"The Criminals with him. Do you know what that means? Please be not too surprised when I tell you: this was the first Christian community – the first safe, undissolvable, indestructible Christian community.
Christian community is everywhere where there is a gathering of people who are close to, who are with Jesus – in such a way that his promise, his affirmation, concerns them directly and immediately – in such a way that they can hear it: that everything that He is, He is for them, that everything that He does, He does for them, in such a way that they can live by and from this promise. This is the first Christian community, and the first safe Christian community consisted of these two criminals."
And a final prayer:
None of us is a great Christian; rather, we are all very small Christians. But your grace is sufficient for us. Awaken us to the small joy and thankfulness that we are capable of, the timid faith that we bring, the incomplete obedience that we cannot refuse – to the hope in the greatness, wholeness, and completeness that you have prepared for us in the death of our Lord, Jesus Christ and that you have promised to us in his resurrection from the dead.
|Samantha Wedelich, Lent 2005, Hope Chapel|
Sunday, March 17, 2013
|The Frio River is muy frio.|
Our fifth retreat on record, we had a fantastic time. Here are a few photographic highlights along with three videos from the weekend in which we explored the idea of "Artists as Caretakers of the Imagination." I'll post reflections soon. A heartfelt thanks to everyone who came and who made the retreat a special experience for all involved. (And I do sincerely wish I had a photographic record of everyone who came. Regrettably I couldn't get myself positioned rightly to capture everybody in action. This will have to suffice as a teaser to come next year.)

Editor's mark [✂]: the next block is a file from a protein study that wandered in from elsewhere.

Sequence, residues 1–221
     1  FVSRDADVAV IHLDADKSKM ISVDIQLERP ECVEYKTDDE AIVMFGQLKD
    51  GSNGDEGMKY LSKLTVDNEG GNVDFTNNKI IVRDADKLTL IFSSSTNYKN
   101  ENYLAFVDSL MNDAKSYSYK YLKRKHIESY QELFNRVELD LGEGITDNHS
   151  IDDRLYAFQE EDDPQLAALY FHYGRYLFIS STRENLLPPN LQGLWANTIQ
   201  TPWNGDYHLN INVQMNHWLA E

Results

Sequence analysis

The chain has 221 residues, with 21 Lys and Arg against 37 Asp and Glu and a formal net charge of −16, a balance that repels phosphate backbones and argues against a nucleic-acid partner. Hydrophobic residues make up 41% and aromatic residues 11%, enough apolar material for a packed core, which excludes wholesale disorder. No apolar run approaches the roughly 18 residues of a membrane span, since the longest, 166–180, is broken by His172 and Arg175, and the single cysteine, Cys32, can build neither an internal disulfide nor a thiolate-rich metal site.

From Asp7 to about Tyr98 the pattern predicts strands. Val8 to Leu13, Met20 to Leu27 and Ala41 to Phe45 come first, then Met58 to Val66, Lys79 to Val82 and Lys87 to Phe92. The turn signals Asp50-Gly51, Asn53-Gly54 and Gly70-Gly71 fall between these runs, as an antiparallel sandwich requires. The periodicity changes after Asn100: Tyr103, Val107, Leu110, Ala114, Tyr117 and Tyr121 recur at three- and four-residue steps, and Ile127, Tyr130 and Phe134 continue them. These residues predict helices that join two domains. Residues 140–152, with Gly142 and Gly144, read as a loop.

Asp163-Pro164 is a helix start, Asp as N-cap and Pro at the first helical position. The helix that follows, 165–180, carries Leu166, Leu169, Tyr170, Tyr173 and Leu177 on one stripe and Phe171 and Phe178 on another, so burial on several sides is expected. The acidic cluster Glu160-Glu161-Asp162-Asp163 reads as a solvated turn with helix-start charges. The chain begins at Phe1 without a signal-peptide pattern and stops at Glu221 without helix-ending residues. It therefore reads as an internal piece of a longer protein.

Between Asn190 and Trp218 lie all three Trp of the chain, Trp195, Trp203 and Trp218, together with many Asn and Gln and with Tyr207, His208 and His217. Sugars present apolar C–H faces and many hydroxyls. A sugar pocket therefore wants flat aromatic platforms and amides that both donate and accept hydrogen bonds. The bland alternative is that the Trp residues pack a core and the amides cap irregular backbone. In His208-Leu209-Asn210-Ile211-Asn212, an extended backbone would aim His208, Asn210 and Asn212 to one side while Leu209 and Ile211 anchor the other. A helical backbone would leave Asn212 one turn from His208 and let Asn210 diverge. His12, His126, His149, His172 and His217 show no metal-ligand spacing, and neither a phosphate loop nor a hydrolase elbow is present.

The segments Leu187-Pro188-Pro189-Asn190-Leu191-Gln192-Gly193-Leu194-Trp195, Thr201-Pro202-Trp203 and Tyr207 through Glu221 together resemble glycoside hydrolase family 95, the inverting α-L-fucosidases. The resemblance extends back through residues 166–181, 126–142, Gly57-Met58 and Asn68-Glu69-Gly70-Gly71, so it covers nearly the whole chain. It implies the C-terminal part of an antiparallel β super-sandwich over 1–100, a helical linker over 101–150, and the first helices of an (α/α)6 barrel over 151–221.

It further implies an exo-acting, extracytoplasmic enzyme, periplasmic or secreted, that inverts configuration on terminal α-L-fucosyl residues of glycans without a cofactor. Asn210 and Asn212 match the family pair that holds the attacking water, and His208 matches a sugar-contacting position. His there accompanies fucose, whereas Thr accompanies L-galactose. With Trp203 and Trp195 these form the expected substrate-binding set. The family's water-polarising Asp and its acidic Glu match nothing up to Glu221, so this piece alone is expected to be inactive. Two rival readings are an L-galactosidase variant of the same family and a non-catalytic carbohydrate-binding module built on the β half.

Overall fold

|The Great Hall.|
|"Sinkin' about eet."|
|I'm imagining really, really hard.|
|Roger Feldman talks about his art installation.|
|The work in progress.|
|Artists think better when they doodle: take 1.|
|Artists think better when they doodle: take 2.|
|Artists think better when they doodle: take 3.|
|Isaac Wardell leads us in excellent congregational song.|
|Karl Digerness and company listen to Isaac.|
|Jamie in action, while his left hand glows, making us suspect that he's an X-Man after all.|
|Linnea Kickasola asks a question.|
|"I'm not sure about this imagination craze."|
|"Up here live the Fiffer-feffer-feffs."|
|Bruce Herman's Virgin Mary receives the word of the angel Gabriel.|
|David Lutes, Craig Harris, Ben B., Wen Reagan and Wendell Kimbrough.|
|The point is behind us.|
|To jump or not to jump.|
|"To jump" by Tim Mills.|
|"To canon ball" by Ben Bowman.|
|I smell trouble.|
|James & Taylor.|
|The good folks of the retreat.|